Although both boys and girls report that anger is the primary motivating factor for using violence, girls also commonly report self-defense as a motivating factor, and boys also commonly cite the need to exert control. Boys are also more likely to react with laughter when their partner is physically aggressive. Girls experiencing teen dating violence are more likely than boys to suffer long-term negative behavioral and health consequences, including suicide attempts, depression, cigarette smoking and marijuana use. Why do teenagers commit violence against each other in romantic relationships?
Yet there is not a great deal of research that uses a longitudinal perspective or that considers the dynamics of teen romantic relationships.
As a result, practitioners and researchers in the field tend to apply an adult intimate partner violence framework when examining the problem of teen dating violence.
The 2013 national Youth Risk Behavior Survey found approximately 10% of high school students reported physical victimization and 10% reported sexual victimization from a dating partner in the 12 months* before they were surveyed. All too often these examples suggest that violence in a relationship is normal, but violence is never acceptable.
According to the 2007 Youth Risk Behavior Survey, approximately 10 percent of adolescents nationwide reported being the victim of physical violence at the hands of a romantic partner during the previous year. The rate of psychological victimization is even higher: Between two and three in 10 reported being verbally or psychologically abused in the previous year, according to the National Longitudinal Study of Adolescent Health. As for perpetration rates, there are currently no nationwide estimates for who does the abusing, and state estimates vary significantly.
It can occur in person or electronically and might occur between a current or former dating partner. Healthy relationship behaviors can have a positive effect on a teen’s emotional development.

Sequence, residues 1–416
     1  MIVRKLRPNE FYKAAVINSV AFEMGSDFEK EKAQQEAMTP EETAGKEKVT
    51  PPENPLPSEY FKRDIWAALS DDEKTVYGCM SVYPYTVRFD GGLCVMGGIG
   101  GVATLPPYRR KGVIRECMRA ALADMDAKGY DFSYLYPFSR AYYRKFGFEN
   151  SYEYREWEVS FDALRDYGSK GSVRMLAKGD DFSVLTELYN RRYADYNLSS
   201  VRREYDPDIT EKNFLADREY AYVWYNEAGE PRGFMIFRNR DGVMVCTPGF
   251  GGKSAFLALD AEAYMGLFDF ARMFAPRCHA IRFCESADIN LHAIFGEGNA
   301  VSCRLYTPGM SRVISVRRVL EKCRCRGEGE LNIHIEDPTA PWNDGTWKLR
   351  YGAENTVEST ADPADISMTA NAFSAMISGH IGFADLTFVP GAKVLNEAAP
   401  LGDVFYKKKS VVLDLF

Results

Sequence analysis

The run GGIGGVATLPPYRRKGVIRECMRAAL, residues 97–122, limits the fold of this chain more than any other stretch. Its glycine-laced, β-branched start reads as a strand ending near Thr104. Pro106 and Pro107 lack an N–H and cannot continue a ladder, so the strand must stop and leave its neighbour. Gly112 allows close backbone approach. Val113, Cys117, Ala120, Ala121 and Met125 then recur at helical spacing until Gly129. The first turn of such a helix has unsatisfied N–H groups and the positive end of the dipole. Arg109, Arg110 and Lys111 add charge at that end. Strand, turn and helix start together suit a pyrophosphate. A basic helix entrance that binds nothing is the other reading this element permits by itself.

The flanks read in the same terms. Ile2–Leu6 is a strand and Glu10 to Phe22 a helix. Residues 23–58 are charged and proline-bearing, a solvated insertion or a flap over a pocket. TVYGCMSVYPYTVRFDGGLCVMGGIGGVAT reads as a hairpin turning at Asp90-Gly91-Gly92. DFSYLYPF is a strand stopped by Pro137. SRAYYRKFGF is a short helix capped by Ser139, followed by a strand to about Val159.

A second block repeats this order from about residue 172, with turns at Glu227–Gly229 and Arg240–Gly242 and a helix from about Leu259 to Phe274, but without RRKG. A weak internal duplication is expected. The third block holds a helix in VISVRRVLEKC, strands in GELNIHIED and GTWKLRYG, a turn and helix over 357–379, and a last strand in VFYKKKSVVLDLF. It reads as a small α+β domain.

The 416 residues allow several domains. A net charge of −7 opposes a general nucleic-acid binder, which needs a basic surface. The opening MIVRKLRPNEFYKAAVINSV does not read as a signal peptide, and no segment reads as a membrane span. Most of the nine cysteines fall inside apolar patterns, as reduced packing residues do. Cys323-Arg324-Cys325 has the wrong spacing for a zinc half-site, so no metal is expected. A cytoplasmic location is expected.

Several different words are used to describe teen dating violence. Dating violence is widespread with serious long-term and short-term effects. Unhealthy, abusive, or violent relationships can have severe consequences and short- and long-term negative effects on a developing teen.Supporters of this view generally cite studies that use "act" scales, which measure the number of times a person perpetrates or experiences certain acts, such as pushing, slapping or hitting. Neumark-Sztainer, "Long-Term Impact of Adolescent Dating Violence on the Behavioral and Psychological Health of Male and Female Youth," 8 (2002): 1332-1363. These studies tend to show that women report perpetrating slightly more physical violence than men. It is interesting to note that most studies on teen dating violence that have been conducted to date have relied primarily on "act" scales. Cascardi, "Gender Differences in Dating Aggression Among Multiethnic High School Students," 12 (1997): 546-568.  Dobash, "The Myth."  Archer, "Sex Differences."  Wekerle, C., and D. Wolfe, "Dating Violence in Mid-Adolescence: Theory, Significance, and Emerging Prevention Initiatives," 115 (1994): 197-209. We also discuss how adult and adolescent romantic relationships differ in the hope that an examination of existing research will help us better understand the problem and move the field toward the creation of developmentally appropriate prevention programs and effective interventions for teenagers.In 2001-2005, Peggy Giordano and her colleagues at Bowling Green State University interviewed more than 1,300 seventh, ninth and 11th graders in Toledo, Ohio.Although research on rates of perpetration and victimization exists, research that examines the problem from a longitudinal perspective and considers the dynamics of teen romantic relationships is lacking.